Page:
I find myself gobsmacked by the number of folks who write me each week and the volume of new subscribers who join my tribe.
Mostly humbled. Knowing that I can add some value, insights, levity or all of the above to your week and in so doing, help you to feel more confident, capable, less alone (and less crazy?) gives me such a sense of satisfaction.
Last week, as I tried to answer emails from subscribers, I realized that I can often point someone to a piece already on the site.
So using emails from my subscribers as a guidepost, this week I thought it might be useful to give you a guided tour of the blog by highlighting some of the posts tribe members have found most valuable.
I think there will be something useful for everyone.
HOW TO BE A GREAT EXECUTIVE DIRECTOR
It’s possible that this one is so popular because I talk a lot about Ellen DeGeneres. But just maybe it highlights that it’s not always about what you’ve done but rather about who you are that separates the good from the great EDs.
If I were to create a “word cloud” of all the emails you all send, I believe the word “burnout” would be the largest. The best way to avoid burnout? Focus on what to do to retain your stars.
Retreats are a big investment of both time and money. So many of us have been to retreats we can barely remember. The action items and commitments that are made go into a folder on your desktop marked “Retreat” and that folder is opened only 6 weeks before the next retreat (if ever) and with nothing accomplished. This piece shows it does not have to be like that.
HOW TO BE A GREAT BOARD LEADER
Readers will notice that this blog is intended for both the paid and unpaid leaders of the organization. I love that so many of my tribe members are board members and that they get value in what they find here.
This may be the number one question I am asked by both board and staff leaders. It is usually preceded by the word HELP!!!
The popularity of this one surprised me until I realized that everyone on my blog either has to write one or read one. Board members are typically not clear about what they want and need until you’ve already finished writing that 16-page report that took you way too long. And then nobody on the board reads it anyway.
So often board members complain that they are talked at for hours at board meetings (“bored” meetings?). From the opposite perspective, many Executive Directors don’t want to hear from board members – “Just let me do my job.” Well, that’s not how it’s supposed to work. So to change the dynamic, I encourage board members to raise their hands and start asking good questions. Here are 10.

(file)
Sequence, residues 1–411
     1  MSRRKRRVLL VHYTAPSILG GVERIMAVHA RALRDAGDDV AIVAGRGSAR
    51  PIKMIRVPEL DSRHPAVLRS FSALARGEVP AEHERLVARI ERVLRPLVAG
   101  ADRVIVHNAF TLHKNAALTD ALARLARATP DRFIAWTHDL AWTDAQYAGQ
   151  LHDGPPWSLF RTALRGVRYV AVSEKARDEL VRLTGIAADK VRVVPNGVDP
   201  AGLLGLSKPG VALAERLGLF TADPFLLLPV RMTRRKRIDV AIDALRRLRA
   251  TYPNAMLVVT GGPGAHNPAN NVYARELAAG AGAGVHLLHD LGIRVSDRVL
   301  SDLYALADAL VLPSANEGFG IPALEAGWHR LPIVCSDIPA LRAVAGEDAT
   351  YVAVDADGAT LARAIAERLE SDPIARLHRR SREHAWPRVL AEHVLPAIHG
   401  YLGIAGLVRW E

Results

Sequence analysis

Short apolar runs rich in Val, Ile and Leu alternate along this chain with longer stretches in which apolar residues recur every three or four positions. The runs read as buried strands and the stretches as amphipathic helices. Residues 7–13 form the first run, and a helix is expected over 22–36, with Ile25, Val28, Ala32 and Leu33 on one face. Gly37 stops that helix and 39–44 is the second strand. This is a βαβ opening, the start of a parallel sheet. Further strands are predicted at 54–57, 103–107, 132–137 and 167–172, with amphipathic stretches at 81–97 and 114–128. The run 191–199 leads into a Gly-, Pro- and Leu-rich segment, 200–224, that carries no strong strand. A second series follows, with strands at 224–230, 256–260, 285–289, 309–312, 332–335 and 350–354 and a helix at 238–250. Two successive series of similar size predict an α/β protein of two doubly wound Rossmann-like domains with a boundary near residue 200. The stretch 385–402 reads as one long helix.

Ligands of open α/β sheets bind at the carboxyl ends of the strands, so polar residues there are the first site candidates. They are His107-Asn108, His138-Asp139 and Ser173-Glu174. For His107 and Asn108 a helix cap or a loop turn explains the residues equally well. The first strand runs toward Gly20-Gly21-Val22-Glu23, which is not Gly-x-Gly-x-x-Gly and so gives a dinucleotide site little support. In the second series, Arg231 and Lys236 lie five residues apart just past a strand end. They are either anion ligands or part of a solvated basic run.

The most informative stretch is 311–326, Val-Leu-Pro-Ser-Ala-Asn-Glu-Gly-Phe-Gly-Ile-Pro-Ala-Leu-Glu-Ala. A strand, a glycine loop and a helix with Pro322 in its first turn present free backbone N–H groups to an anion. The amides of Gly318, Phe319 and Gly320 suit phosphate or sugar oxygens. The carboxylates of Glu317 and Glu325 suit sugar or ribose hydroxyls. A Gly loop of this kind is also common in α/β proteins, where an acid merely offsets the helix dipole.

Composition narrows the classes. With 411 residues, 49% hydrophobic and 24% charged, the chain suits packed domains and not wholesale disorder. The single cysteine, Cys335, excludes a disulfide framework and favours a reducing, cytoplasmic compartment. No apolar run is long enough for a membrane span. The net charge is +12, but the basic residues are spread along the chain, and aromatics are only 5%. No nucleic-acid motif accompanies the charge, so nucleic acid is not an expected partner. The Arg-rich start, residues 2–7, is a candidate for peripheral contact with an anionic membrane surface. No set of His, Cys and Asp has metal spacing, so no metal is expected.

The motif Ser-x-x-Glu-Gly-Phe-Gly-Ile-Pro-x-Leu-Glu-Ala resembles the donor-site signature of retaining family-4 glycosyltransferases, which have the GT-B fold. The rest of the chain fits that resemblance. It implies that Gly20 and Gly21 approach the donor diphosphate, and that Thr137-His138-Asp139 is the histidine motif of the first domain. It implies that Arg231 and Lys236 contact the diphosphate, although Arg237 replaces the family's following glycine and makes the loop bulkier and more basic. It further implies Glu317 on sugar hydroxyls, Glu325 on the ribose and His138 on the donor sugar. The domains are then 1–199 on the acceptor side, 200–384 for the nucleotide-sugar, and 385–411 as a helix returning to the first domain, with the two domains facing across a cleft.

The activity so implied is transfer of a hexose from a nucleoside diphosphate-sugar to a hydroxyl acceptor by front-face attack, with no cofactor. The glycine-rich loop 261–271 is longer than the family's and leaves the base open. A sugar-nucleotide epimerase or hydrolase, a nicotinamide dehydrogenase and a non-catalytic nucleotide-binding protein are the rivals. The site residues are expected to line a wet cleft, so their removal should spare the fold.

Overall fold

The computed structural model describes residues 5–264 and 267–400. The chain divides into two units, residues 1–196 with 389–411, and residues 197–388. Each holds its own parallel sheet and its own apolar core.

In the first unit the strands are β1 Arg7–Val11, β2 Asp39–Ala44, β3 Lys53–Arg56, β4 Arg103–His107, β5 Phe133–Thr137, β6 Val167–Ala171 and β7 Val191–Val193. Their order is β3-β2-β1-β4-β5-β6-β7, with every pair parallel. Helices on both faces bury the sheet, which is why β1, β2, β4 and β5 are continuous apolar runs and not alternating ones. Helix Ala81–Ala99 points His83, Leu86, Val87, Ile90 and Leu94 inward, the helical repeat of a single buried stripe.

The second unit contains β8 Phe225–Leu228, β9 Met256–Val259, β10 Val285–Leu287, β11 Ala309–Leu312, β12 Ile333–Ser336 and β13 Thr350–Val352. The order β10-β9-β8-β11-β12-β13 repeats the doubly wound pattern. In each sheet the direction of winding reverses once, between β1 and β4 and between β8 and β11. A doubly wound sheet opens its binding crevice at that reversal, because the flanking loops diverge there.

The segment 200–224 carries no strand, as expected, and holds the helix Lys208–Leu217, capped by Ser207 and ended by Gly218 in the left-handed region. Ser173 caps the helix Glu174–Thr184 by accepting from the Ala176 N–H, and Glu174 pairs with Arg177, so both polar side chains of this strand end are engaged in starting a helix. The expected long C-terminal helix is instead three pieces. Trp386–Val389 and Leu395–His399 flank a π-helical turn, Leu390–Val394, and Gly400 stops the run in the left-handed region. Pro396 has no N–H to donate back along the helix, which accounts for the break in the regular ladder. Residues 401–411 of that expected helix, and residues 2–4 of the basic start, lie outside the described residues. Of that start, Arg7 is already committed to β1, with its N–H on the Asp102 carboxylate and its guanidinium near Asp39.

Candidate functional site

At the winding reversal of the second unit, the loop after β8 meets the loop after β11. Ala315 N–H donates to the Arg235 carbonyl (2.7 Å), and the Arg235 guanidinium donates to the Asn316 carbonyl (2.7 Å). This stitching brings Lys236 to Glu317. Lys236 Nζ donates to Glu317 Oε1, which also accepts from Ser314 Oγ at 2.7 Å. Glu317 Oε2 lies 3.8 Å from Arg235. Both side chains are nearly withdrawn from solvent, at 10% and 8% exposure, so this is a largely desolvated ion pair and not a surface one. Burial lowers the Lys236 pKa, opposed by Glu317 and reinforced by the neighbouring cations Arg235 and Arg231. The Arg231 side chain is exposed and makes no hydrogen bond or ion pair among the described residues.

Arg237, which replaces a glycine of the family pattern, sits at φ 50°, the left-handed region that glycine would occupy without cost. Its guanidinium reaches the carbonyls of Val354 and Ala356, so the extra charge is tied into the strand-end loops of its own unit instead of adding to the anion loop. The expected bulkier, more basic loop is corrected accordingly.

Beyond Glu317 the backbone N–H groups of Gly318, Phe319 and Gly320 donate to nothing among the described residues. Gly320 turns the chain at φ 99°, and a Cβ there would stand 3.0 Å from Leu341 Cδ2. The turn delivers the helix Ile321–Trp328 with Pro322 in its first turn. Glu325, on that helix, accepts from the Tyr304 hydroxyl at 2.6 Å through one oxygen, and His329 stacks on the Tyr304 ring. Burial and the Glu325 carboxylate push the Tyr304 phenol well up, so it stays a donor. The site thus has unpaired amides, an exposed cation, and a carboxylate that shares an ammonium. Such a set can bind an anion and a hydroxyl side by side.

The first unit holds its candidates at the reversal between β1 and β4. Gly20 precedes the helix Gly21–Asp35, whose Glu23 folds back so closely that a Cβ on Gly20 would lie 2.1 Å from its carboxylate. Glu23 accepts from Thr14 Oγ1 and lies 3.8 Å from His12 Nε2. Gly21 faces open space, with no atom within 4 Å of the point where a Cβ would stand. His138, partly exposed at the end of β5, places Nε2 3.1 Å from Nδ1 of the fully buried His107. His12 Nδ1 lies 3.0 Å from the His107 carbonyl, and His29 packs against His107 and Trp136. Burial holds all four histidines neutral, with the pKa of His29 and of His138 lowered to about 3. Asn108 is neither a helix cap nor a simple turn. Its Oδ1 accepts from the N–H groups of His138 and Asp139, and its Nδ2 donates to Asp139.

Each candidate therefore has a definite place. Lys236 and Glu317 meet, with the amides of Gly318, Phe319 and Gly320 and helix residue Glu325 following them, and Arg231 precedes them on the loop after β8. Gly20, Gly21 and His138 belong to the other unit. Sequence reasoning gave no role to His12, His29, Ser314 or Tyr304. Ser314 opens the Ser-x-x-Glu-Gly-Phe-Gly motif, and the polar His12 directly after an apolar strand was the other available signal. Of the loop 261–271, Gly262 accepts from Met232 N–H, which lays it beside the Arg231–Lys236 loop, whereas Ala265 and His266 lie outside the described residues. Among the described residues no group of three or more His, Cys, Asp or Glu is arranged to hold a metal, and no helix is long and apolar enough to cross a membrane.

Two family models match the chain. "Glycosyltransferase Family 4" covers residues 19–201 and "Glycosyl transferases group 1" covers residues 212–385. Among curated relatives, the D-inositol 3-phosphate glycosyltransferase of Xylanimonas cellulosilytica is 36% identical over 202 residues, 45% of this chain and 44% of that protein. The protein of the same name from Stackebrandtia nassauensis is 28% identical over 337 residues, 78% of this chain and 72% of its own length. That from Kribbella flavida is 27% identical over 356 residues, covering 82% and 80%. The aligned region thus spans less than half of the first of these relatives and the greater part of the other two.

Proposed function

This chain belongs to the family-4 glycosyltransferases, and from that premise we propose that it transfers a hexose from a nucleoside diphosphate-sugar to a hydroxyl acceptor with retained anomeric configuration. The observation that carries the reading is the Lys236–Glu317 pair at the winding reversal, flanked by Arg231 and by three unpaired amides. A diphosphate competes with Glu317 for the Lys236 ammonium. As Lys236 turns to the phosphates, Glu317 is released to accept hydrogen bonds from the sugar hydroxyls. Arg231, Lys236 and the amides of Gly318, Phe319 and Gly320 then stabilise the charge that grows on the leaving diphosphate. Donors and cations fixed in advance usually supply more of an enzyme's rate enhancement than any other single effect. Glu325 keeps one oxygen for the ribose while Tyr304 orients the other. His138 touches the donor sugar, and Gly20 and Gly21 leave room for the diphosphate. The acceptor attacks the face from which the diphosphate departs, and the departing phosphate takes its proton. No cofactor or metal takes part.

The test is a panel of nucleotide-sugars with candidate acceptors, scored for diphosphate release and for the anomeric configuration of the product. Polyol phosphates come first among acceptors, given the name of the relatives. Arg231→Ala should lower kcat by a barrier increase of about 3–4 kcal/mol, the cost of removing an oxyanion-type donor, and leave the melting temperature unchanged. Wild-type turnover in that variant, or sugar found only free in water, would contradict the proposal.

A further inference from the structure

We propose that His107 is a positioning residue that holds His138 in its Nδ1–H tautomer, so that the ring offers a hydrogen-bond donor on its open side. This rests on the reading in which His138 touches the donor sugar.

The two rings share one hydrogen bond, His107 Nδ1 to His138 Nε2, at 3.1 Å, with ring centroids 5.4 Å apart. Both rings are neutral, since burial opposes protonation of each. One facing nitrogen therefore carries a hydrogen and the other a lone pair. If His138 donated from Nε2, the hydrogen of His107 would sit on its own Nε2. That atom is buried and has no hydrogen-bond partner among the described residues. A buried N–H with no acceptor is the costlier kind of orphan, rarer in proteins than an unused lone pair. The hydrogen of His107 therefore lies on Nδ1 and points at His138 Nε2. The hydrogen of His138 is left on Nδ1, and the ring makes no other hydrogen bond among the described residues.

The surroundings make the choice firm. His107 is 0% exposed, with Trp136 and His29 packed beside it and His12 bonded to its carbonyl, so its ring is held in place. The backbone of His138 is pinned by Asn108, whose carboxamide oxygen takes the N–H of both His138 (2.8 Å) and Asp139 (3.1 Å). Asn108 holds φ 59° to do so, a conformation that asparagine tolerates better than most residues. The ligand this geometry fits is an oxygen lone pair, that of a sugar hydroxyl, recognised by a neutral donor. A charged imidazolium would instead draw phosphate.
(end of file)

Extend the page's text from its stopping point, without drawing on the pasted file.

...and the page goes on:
HOW TO RAISE LOTS MORE MONEY
Board members love ‘em. Staff members hate ‘em. What’s the problem? Read on.
I won’t give away the answer but I will tell you what the answer isn’t. The answer is not “supervise the development staff” or “make sure the development staff is doing its job.” In fact, the right answer is a lot closer to “make sure that the board is doing its job!”
I shake my head (left to right) when I hear something like: “Let’s say you are lucky enough to have the resources to hire a full-time development staff member.” Here’s a guide to making sure you hire a star.
AND JUST BECAUSE I AM A SAPPY CHEERLEADER FOR YOUR SUCCESS
Even if you don’t read the whole thing, click to watch the video at the beginning. This is you every day. You’re in the major leagues and sometimes you fall down. Falling down isn’t failure. It’s about how you get up.
I wrote this because there are so many days at the office, so many moments at the boardroom table, when it’s not always so clear. Here’s a piece that reminds you what it’s all really about.
HUNDREDS OF ARTICLES, PODCASTS, AND RESOURCES
I don’t want you to feel overwhelmed by what’s available here. If you have a specific question, we have a search box on just about every page on the site. Use it.
Or, if you prefer, you can always do a Google search and if I’ve covered it you’ll likely find my content near the top of your results.
There are also pages on the site that help organize the content for different people. For example:
Nonprofit leaders need all the resources they can get. What you do is so important.
The world is counting on your success.